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So basicially, given the equation $t\equiv nr\pmod{q}$ where $t,r\in\mathbb{N_0}$ and $n, q\in\mathbb{N}$ find $n$ if the rest of the variables are defined.

I've figured out a way to see if there is a solution. It appears that if the largest common divisor of $r$ and $q$ divides $t$, the solution exists. I'm not sure if this covers all the cases and I don't know how to prove it's true.

The question is, how do I find out how many times I need to add $r$ to get $t\pmod{q}$?

Edit: Obviously, if one such $n$ exists, then there are infinite $n$s for which it works. I need the smallest one.

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You can do this two steps :

  1. Use the Extended Euclidean Algorithm to find the GCD $d = (r,q)$ and the Bezout coefficients $x$ and $y$ such that $$ d = rx + qy $$
  2. Now $t = nr\pmod q$ iff $d\mid t$. So find $m = t/d$, then $$ t = md = mrx + mqy $$ so take $n = mx$.

This is (probably) the best one can do without knowing anything about the numbers in question.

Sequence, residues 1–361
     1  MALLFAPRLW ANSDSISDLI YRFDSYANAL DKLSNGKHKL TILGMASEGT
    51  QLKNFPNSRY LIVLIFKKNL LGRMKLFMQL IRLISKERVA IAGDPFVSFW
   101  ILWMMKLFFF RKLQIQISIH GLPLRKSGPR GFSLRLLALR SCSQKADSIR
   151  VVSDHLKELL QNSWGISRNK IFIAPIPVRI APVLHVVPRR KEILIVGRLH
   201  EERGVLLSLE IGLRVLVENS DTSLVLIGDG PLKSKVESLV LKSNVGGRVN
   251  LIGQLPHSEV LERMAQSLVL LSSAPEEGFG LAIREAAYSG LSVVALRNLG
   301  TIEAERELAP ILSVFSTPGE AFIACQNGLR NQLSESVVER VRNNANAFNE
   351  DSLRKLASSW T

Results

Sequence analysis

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  • $\begingroup$ I'm a bit confused about that last part. Are you saying one of the ns that work is mr? In that case, if we take t = 6, r = 7 and q = 10, d would be 1, m would be 6 and n would be 42. 42 * 7 is 294 which is not congruent with 6 mod 10. $\endgroup$ – Luka Horvat Oct 15 '13 at 16:51
  • $\begingroup$ @Darwin : I meant $n = mx$, not $mr$. Apologies :) [In the situation you described, $1 = 3\cdot 7 - 2\cdot 10$, so $n = 6\cdot 3 = 18$, and $6 \equiv 18\cdot 7\pmod{10}$ $\endgroup$ – Prahlad Vaidyanathan Oct 15 '13 at 16:54
  • $\begingroup$ Nice solution. To get the smallest n, all that's left to do is get the remainder of the n / (q / d) division (if I'm not mistaken). Since the right side repeats every q / d ns. $\endgroup$ – Luka Horvat Oct 15 '13 at 17:00
  • $\begingroup$ Actually, if I'm right, finding x and y dissolves into this exact problem, doesn't it? $x = \frac{qy - d}{r}$ where we need to find $y$ that makes $x$ a whole number. This means that $qy \equiv d\pmod{r}$, and around we go. $\endgroup$ – Luka Horvat Oct 15 '13 at 17:07

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